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Possible mechanism for the alpha subunit of the interleukin-2 receptor (CD25) to influence interleukin-2 receptor signal transduction.

By Jonathan M. Ellery and Peter J. Nicholls

Abstract

The receptors for interleukin 2 (IL-2) and interleukin 15 (IL-15) in T cells share the IL-2R beta subunit (CD122) and gamma(C) subunit but have private alpha subunits. Despite utilizing the same receptor chains known to be necessary and sufficient to transduce IL-2 signals the two cytokines manifest different cellular effects. It is commonly held that the alpha subunit of the IL-2R (CD25) is involved solely in the generation of a high affinity receptor complex. This is questioned by the development of autoimmune diseases in instances where the expression of CD25 is absent. The timely expression of CD25 in the thymus has been linked with clonal deletion. Evidence from peripheral T cells indicates that survival signals arising from the intermediate affinity IL-2R (lacking CD25) do not require the activation of Janus kinase 3 (Jak3) but do require the presence of the membrane proximal region of the gamma(C) chain. This particular signalling pathway is not observed in the high affinity receptor complex where Jak3 is activated. Recent data point to CD25 having a surface distribution consistent with it being localized within membrane microdomains. Here we suggest that in the absence of CD25 expression, IL-2R activation occurs within the soluble membrane fraction. This membrane environment and the absence of CD25 promotes Jak3 independent signal transduction and induction of antiapoptotic mechanisms. T cell antigen receptor (TCR) signalling leads to the induction of CD25 expression, which localizes to membrane microdomains. There is a dynamic pre-association of CD25 and CD122 leading to the loose association of the heterodimer with membrane microdomains. High affinity IL-2R signalling in the context of CD25 and the microdomain environment is characterized by Jak3 activation. The relative levels of high to intermediate affinity receptor signalling determines whether a cell proliferates or undergoes activation induced cell death dependent upon cell status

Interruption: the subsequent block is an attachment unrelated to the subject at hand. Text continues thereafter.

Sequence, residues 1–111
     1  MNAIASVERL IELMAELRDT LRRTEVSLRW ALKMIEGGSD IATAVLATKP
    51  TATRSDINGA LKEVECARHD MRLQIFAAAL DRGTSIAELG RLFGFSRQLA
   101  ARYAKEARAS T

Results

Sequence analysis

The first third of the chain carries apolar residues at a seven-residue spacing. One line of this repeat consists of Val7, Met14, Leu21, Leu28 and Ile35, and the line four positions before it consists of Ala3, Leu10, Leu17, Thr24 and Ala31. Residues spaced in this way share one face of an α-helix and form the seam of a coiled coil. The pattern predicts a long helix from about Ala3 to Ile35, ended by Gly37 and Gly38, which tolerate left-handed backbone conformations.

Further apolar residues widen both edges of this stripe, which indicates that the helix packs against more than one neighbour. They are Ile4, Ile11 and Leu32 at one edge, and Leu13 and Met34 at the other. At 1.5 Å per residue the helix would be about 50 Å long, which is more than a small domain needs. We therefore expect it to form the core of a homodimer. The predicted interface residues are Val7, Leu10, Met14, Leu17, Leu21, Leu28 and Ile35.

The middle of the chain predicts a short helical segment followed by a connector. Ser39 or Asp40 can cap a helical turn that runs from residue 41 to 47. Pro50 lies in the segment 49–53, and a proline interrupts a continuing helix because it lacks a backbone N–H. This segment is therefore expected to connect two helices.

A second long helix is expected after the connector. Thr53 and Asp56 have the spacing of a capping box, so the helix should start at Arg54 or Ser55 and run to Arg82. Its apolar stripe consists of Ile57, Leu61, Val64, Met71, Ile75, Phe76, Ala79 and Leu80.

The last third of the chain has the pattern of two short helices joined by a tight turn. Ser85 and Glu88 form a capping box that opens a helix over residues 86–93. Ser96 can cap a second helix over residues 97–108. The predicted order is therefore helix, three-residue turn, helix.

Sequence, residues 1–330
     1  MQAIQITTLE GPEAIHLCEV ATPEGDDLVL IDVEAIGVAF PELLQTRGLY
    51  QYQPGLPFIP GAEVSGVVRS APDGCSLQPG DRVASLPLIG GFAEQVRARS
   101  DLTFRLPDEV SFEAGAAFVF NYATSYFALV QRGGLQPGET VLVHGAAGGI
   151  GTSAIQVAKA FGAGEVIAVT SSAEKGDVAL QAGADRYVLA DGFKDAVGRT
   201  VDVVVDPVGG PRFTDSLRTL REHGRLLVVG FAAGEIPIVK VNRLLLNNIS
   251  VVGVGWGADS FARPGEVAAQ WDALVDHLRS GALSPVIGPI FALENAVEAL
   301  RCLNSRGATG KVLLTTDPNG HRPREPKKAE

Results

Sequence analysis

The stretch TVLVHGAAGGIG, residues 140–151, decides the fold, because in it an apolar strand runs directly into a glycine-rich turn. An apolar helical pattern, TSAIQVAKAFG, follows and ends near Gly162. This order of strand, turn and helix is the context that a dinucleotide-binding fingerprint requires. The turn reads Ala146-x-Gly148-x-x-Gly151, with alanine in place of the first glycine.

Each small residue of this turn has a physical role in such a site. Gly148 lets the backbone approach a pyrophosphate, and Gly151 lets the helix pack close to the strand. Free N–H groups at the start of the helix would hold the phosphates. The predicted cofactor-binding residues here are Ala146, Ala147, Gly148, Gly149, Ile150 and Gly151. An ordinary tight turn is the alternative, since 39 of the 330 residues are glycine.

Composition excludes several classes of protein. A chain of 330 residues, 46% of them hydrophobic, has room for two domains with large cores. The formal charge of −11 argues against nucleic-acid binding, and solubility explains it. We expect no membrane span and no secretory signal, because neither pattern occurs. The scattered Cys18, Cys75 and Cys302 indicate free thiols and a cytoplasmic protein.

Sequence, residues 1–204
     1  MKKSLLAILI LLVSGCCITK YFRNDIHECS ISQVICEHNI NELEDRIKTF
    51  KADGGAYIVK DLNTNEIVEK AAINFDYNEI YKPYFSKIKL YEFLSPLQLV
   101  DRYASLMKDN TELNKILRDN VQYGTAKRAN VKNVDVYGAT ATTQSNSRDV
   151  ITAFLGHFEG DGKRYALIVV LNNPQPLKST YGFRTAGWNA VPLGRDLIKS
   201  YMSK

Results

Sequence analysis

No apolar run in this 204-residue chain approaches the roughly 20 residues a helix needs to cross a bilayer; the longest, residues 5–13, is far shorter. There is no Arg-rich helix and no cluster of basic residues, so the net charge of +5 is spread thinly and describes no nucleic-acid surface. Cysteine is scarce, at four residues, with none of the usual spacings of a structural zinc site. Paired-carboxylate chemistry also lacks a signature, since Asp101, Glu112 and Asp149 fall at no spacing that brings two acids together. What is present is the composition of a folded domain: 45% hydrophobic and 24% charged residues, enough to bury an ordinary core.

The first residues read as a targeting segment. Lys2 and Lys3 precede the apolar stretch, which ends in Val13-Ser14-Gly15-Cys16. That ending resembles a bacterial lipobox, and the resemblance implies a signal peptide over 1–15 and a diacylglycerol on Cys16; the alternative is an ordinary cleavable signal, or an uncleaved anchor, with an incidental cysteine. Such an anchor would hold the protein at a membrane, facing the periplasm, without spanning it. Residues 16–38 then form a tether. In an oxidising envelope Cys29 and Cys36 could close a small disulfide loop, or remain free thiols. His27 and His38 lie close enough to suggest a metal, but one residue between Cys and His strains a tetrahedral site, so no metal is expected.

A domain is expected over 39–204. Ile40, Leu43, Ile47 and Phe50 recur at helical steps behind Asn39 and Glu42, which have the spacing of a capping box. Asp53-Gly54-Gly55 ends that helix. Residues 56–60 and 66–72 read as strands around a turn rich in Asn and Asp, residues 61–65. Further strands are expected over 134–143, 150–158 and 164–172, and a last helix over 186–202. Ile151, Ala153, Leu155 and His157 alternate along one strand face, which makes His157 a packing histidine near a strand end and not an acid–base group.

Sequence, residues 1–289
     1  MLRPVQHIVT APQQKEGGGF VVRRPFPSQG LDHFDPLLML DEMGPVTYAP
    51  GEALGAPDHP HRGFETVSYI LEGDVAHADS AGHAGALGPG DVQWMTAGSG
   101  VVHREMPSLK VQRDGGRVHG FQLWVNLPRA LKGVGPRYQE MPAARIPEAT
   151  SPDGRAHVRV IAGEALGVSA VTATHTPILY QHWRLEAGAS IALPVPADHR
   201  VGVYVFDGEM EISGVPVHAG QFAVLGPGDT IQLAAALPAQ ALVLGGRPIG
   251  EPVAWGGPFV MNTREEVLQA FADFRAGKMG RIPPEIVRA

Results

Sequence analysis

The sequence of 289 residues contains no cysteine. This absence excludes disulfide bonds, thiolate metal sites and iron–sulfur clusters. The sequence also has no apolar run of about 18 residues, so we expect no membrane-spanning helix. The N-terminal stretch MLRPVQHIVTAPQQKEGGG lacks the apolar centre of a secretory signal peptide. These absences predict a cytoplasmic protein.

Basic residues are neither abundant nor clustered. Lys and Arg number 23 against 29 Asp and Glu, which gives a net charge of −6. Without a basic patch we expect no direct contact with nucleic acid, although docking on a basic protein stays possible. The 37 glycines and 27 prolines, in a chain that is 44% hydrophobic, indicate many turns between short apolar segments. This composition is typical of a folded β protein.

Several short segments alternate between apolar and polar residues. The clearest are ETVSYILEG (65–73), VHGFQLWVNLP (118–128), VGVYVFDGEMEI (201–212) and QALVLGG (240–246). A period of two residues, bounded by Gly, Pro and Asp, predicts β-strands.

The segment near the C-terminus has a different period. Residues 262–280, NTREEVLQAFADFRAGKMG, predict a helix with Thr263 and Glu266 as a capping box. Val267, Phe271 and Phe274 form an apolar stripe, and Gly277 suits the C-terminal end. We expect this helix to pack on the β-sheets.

Topics: Q
Publisher: Nature Publishing Group
Year: 2002
OAI identifier: oai:kar.kent.ac.uk:56
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